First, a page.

Back to ballads again, & though perhaps not the strongest of singles it still got to number 1, which says alot for just how popular he was at this point. 'D' In Love is a pretty good mid-tempo rocker. 4 / 4
Theme For A Dream / Mumblin' Mose (February 1961)
Although the song is OK, those tuneless girl backing singers make this one of Cliff's worse early singles! Fortunately the frantic Johnny Otis composition on the B-side is far superior. 3 / 5
Gee Whiz It's You / I Cannot Find A True Love (March 1961)
Back to the sound pioneered by Please Don't Tease for this Hank Marvin & Ian ('Move It') Samwell composition which is excellent despite it's title, & the slow-fast rocker on the flip was nearly as great. Both are proof of why The Shadows were regarded by many as the best musicians in the country. 5 / 4
A Girl Like You / Now's The Time To Fall In Love (June 1961)
A light-weight pop song, the A-side wasn't one of Cliff's best. The storming B-side was far better. 3 / 5
When The Girl In Your Arms (Is The Girl In Your Heart) / Got A Funny Feeling (October 1961)
From Cliff's third movie 'The Young Ones', this Presley-esque ballad was his best slower A-side in nearly 2 years, & the mid-tempo B-side wasn't bad either! 5 / 4
The Young Ones / We Say Yeah (January 1962)
Again from the movie of the same name, this is one of Cliff's (or anyone's) most memorable singles, & it inspired an alternative comedy series 20 years later! Much of the credit here should be given to producer Norrie Paramor (the producer of most of the records mentioned here) & his sympathetic string arrangement. Rock 'n' roll it isn't, but the B-side certainly is! And check out those "Yeah Yeah" backing vocals... 5 / 5
What'd I Say / Blue Moon (Export only single) (February 1962)
Although made in the UK for export, this appeared in some UK stores hence it's inclusion here. The A-side whilst pretty convincing inevitably pales compared to earlier versions by Ray Charles & Jerry Lee Lewis. Blue Moon features the kind of over-blown orchestral arrangement that Frank Sinatra would be proud of, making this one of Cliff's weakest B-sides. 4 / 2
I'm Looking Out The Window / Do You Wanna Dance (May 1962)
Cliff's first true double-A-side, I'm Looking Out The Window is a laid-back ballad that's probably not one of his best though I've always had a bit of a soft spot for the song, whilst the B-side is one of the greatest "twist" records ever made! 4 / 5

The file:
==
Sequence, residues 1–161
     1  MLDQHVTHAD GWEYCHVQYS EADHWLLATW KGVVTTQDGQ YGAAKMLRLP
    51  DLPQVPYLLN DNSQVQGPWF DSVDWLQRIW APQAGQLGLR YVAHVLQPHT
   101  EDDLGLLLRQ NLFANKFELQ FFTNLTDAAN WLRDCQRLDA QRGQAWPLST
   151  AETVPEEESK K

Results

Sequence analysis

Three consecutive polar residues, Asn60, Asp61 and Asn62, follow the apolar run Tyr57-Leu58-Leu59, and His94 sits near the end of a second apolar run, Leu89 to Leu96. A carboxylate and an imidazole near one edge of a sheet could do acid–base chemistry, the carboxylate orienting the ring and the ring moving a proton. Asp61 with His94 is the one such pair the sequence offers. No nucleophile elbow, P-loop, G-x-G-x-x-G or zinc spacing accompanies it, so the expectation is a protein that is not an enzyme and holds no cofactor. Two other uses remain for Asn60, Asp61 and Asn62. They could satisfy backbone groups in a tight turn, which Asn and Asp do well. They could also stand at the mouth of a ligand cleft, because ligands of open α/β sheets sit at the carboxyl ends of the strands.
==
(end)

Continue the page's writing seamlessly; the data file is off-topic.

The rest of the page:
It'll Be Me / Since I Lost You (August 1962)
By this time there had been a couple of changes in The Shadows, with Jet Harris & Tony Meehan leaving, & Brian 'Liquorice' Locking & Brian Bennett replacing them. The A-side of this record was previously a Jerry Lee Lewis B-side in 1957, & although Cliff's version is a little slower it's equally good (& check out Hank's memorable solo!). The B-side is a forgettable orchestrated ballad. 5 / 3
The Next Time / Bachelor Boy (November 1962)
Another double-A-side, both were from Cliff's fourth movie 'Summer Holiday'. The Next Time is a superior ballad, whilst Bachelor Boy (a mid-tempo waltz written by Bruce Welch) remains another very memorable song. 5 / 5
Summer Holiday / Dancing Shoes (February 1963)
From the movie of the same name, it's impossible not to think of long summer days when hearing this pop classic! Dancing Shoes is another strong song, this time uptempo pop-rock, & both songs were band compositions. 5 / 5
Lucky Lips / I Wonder (May 1963)
A Leiber-Stoller song originally recorded by Ruth Brown, this was criticised at the time for sounding dated though in retrospect it's a wonderful record that is truly timeless! Far less memorable is the ballad flip side. 5 / 3
It's All In The Game / Your Eyes Tell On You (August 1963)
Perhaps another dated record for the time, this version of Tommy Edwards' 1958 smash is still a lovely performance of a beautiful song. More modern-sounding was the flip-side with it's prominent Shadows harmonies which sound almost like a Merseybeat group (Billy J. Kramer with The Dakotas perhaps?). 5 / 4
Don't Talk To Him / Say You're Mine (November 1963)
The A-side with it's simple but memorable 12-string guitar riff (prior to The Beatles using a 12-string on many of their records in 1964) at last sounds more contemporary, as does the bluesy B-side. 5 / 4
I'm The Lonely One / Watch What You Do With My Baby (January 1964)
Highly criticised at the time for sounding too Mersey (there's no pleasing some people!), this is a superb rhythm 'n' blues / beat group song, different from nearly everything else Cliff has ever recorded. The flip-side again is Mersey influenced. This single incidentally was the first to feature new bassist John Rostill. 5 / 4
Constantly / True, True Lovin' (April 1964)
This lush orchestrated ballad (which doesn't feature The Shadows) received a back-handed compliment from P.J. Proby in the UK music press at the time when he said "This is actually the first disc of Cliff Richard's that I've really liked - before that I quite honestly thought he was an atrocious singer!", & while I can't totally agree with Mr Proby's comments this is indeed beautifully & very maturely sung. The flip is back to the Cliff & The Shadows "Mersey" sound! 5 / 4
On The Beach / A Matter Of Moments (June 1964)
From Cliff's fifth movie ' Wonderful Life', this is a return to the breezy pre-Beatles pop sound of 1960-1962 despite the sneaky reference to 'Twist & Shout' during the song! The flip-side with Hank & Bruce's prominent harmonies is very memorable too. 5 / 4
The Twelfth Of Never / I'm Afraid To Go Home (October 1964)
A Johnny Mathis hit from 1957, this sounded very dated for late 1964 despite Cliff's excellent vocals. The atmospheric B-side features very Beatle-esque harmonies throughout. 4 / 4
I Could Easily Fall (In Love With You) / I'm In Love With You (December 1964)